And of course, before you even get started check out the USDA Plant Hardiness Zone map and USDA Plant Hardiness Indicators. This will give you an idea of what you can plant.

This rosemary plant tried to die but I've coaxed it back from the edge

Thursday, March 18, 2010

This aggression will not stand

Like most people, I went out on the town last night. And like most people, I woke up with the taste of bacon in my mouth and the Scorpions on repeat in my head. But nothing sets your head straight like seeing the shit storm that's blowing up on Twitter (pre-NCAA tournament) about the comments ESPN radio host Tony Kornheiser made about cyclists. Apparently the fact that Kornheiser was slowed or just unamused by cyclists in the bike lanes was enough to set off a fire storm of ignorant commentary.
"Let them use the right, I'm OK with that. I don't take my car and ride on the sidewalk because I understand that's not for my car … Why do these people think that these roads were built for bicycles? ... They dare you to run them down."
My first question was - where were Kornheiser's fact checkers? There's got to be some young college kid dying to break into the sports radio industry that would at least make sure Kornheiser wasn't going on the air, spouting totally inaccurate statements, right? Right??  Otherwise, he would have had to craft a much more sophisticated argument of hatred about cyclists. But instead he went the old route, resorting to: why do these people think that these roads were built for cyclists? Well, Tony, if there are bike lanes or bike markings on that road then yes, they were built for cyclists. Those white lines and that white figure on a bicycles? That was explicitly designed for cyclists so that you don't drive your car there. Maybe it would help if the car lanes had pictures of cars added to reduce the confusion that Kornheiser seems to be suffering from.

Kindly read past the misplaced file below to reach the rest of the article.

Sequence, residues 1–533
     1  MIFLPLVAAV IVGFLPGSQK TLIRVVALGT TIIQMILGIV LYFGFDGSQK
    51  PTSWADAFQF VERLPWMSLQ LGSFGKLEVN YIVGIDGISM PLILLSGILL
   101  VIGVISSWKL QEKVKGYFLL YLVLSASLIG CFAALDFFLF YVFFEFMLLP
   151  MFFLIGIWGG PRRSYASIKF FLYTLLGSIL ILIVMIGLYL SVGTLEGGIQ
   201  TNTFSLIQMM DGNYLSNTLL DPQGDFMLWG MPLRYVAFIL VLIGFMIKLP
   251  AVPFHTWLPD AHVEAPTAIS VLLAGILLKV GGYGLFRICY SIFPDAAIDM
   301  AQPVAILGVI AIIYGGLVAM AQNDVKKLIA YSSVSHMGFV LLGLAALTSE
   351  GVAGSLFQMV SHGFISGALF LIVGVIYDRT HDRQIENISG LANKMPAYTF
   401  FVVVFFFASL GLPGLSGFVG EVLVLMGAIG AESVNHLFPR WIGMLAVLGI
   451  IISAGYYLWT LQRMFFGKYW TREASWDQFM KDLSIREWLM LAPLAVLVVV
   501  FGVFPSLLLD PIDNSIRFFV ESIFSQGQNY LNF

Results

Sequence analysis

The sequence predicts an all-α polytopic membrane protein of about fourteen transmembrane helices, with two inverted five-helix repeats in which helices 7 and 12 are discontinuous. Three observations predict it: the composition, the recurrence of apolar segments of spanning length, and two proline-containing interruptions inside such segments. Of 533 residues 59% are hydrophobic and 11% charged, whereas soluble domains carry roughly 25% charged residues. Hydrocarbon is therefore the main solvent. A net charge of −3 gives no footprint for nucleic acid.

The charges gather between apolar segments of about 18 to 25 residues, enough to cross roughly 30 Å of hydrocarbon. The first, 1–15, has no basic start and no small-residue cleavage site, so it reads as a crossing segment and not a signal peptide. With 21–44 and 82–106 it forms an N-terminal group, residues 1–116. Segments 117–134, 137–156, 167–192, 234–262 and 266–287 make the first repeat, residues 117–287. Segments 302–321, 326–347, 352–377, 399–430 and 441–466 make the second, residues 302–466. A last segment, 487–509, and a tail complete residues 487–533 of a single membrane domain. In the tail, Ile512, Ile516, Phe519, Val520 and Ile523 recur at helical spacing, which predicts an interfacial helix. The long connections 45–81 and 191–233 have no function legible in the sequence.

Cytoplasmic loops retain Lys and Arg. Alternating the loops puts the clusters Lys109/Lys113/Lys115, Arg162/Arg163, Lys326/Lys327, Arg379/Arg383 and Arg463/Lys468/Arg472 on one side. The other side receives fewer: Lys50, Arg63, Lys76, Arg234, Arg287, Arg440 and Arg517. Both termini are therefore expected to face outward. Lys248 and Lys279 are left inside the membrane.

I'm a cyclist and a driver. I vote (and pay!) for taxes, levies, etc.,  that improve the quality of our streets because I use them for a variety of types of transportation. I'm sick of this mindset of "I should only pay taxes for the things that I use." We live in a civil society which means that some of your tax dollars go towards funding programs that benefit other populations and the greater good.

There are a lot of people that think like Kornheiser. And while I can't compensate for the bad experiences he may have had with bicycles or bicyclists (learning to ride a two-wheeler can be scary Tony, we know), I can put forth a positive image every time I get on my bike wearing "the little water bottle in the back and the stupid hats and their shiny shorts." 'Cause nothings lamer or more disgusting that athletes that wear body-hugging clothing or hats (which eliminates football, baseball and a couple more popular sports).

And last but not least, Kornheiser pissed off Lance Armstrong. Really Tony? You want to tick off a dude who's won seven Tour de Frances, is one of Nike's premium athletes and has nearly 2.5 million Twitter followers?

If you want to leave a comment for Kornheiser, here's the link to ESPN's page.

Wednesday, March 17, 2010

What exactly is High Fructose Corn Syrup?

I was watching tv awhile ago when I saw this commercial with two mildly attractive (if you're into the "mom with the tucked in pants"-type) women talking about high fructose corn syrup. The ad looked to be a well-financed commercial endeavor unlike most political ads, but the bitch factor was high. One mom accused the other of not caring about her kids by letting them drink colored juice-like product that had high fructose corn syrup which was met by a retort of "do you know what high fructose corn syrup even is?"

Oh, snap!